While still in Liberia, Brantly also received an infusion of blood from a patient of his who had recovered from infection. It's a treatment that should work in theory, providing another patient's antibodies that have been "educated" to find and fight Ebola, but Geisbert says there's not enough research to show whether it might actually help.
And, of course, many people spontaneously recover from infections. The immune system does often win on its own. That’s why it takes a clinical trial to tell whether a drug is truly helping people to recover.
Dr. Jesse Goodman, a former top Food and Drug Administration official who is now at Georgetown University, notes that most drugs fail during experimental trials. “Furthermore, using unproven therapies during emergencies, without adequately evaluating their effectiveness, may result in misleading, even harmful conclusions," he writes in this week’s issue of the New England Journal of Medicine.
And of you don’t even know the true fatality rate in an outbreak, how can you know if a drug is helping patients survive? Even drugs that look very successful in animals often fail to help people.
“Less than 10 percent of candidate drugs make it from pre-clinical selection to commercial launch,” says Dr. Annette Rid, of King’s College London, who wrote a commentary in the medical journal the Lancet Thursday.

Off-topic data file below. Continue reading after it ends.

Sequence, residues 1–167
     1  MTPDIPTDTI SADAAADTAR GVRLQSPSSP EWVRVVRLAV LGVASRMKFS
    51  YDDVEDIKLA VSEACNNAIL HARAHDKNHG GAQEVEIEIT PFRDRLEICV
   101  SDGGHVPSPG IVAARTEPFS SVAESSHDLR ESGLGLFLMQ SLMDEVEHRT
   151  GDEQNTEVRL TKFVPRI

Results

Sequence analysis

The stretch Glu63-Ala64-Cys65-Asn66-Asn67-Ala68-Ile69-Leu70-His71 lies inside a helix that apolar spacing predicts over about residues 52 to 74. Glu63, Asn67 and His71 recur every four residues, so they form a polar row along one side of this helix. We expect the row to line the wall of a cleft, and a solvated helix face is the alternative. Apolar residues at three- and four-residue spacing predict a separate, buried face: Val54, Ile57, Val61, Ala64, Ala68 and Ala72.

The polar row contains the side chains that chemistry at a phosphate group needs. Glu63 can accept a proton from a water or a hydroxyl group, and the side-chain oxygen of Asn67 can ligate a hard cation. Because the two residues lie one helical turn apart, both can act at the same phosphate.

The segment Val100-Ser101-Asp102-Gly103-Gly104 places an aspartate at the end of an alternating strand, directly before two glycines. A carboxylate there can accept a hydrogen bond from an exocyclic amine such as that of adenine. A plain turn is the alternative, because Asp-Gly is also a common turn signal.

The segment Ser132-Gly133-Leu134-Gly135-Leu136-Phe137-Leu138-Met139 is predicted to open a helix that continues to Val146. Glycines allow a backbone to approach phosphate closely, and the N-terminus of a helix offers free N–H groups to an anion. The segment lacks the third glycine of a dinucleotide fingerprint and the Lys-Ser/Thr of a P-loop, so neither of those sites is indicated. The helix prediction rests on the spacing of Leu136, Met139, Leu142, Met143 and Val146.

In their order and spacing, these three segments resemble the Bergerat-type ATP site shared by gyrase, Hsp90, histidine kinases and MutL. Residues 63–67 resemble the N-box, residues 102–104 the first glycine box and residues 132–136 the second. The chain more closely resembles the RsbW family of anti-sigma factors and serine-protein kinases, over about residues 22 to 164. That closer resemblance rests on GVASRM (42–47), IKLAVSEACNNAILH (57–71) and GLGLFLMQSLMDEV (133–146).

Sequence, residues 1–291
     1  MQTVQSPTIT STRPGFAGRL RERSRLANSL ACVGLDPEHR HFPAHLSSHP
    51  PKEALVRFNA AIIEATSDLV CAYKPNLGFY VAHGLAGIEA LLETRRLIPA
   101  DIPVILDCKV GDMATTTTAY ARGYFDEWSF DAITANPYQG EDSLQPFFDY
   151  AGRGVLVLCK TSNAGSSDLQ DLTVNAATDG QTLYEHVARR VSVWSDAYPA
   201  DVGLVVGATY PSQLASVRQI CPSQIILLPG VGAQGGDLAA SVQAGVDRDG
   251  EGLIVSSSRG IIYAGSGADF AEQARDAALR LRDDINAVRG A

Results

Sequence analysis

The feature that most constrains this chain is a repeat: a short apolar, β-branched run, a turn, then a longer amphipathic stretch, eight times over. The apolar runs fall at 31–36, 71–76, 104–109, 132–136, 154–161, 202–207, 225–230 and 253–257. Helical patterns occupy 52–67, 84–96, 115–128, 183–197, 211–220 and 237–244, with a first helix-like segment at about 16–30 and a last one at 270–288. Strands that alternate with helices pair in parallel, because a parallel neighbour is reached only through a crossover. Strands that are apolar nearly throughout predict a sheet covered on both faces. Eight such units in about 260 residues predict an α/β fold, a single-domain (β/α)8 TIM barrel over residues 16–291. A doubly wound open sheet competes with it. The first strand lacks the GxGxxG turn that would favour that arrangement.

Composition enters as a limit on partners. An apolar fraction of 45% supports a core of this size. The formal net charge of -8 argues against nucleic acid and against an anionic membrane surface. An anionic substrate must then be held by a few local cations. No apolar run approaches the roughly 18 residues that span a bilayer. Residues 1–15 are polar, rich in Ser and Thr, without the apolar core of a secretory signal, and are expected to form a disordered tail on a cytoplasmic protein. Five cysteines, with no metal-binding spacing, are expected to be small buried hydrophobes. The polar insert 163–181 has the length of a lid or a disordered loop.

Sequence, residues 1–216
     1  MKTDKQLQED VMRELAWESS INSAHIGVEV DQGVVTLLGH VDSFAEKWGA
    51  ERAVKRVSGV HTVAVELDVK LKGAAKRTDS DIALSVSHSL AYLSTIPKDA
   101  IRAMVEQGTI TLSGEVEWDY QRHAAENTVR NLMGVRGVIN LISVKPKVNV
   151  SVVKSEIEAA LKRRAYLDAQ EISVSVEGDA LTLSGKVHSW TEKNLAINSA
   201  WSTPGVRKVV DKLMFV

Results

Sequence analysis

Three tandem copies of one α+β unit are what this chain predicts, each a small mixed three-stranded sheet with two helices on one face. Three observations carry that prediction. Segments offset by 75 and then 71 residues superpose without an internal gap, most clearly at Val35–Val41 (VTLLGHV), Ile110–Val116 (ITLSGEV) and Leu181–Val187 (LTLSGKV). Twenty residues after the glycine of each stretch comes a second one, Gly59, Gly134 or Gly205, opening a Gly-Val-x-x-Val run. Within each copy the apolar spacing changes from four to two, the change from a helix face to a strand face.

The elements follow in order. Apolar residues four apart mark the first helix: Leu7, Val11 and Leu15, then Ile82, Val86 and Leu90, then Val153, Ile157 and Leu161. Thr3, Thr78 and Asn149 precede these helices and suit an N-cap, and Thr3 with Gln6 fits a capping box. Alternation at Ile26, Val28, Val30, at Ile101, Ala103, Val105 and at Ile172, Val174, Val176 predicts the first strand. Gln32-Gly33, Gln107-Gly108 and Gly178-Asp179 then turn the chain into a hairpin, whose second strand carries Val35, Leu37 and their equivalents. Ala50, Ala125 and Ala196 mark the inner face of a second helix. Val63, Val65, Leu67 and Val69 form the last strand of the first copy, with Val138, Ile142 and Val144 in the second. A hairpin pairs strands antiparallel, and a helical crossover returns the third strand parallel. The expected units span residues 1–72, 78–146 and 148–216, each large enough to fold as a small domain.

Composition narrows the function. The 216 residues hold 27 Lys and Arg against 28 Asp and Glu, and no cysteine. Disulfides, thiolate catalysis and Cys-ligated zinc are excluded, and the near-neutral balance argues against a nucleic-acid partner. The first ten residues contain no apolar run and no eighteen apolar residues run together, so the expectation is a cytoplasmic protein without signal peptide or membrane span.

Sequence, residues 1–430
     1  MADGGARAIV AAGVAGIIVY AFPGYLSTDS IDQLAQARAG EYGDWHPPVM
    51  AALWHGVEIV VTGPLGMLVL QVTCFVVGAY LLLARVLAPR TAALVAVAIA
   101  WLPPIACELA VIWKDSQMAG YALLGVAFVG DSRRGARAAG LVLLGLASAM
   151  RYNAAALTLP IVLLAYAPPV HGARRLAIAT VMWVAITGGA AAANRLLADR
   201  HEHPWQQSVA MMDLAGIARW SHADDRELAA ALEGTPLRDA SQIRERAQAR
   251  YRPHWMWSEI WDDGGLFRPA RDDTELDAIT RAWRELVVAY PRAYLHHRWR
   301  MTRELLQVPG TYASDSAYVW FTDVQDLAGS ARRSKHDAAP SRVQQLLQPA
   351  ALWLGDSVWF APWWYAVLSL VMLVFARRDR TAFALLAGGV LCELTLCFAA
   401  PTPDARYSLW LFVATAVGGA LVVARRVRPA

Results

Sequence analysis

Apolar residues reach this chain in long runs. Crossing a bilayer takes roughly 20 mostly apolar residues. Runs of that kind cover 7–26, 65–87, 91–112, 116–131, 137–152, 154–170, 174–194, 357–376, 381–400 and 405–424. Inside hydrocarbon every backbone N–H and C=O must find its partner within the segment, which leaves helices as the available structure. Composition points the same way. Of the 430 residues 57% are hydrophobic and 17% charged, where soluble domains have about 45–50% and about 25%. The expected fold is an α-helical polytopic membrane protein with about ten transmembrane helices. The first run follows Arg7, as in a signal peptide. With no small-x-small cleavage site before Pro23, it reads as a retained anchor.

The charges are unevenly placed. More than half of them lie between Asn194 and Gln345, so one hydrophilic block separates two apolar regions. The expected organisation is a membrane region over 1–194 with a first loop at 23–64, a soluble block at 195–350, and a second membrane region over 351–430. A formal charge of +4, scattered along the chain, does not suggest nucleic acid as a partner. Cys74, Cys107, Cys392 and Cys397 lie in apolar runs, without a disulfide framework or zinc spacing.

“Although promising in non-human primates, there is no reason to believe that the experimental Ebola interventions will be more successful. In other words, it is more likely than not that the interventions will not improve symptoms for patients, and might even weaken them as they battle a life-threatening disease. Experimental Ebola treatments or vaccines should only be deployed in clinical trials, and if trials are done, they must meet ethical principles for research.”
Dr. Ezekiel Emanuel, a bioethicist at the University of Pennsylvania, says even though WHO supports the use of experimental drugs and vaccines to fight Ebola outbreaks, other medical support is far more important.
“Now that the global response to the Ebola outbreak is picking up, the international community needs more focus on strengthening of health systems and infrastructure and less on experimental treatments,” said Emanuel, who co-wrote the commentary with Rid.
First published August 21 2014, 12:51 PM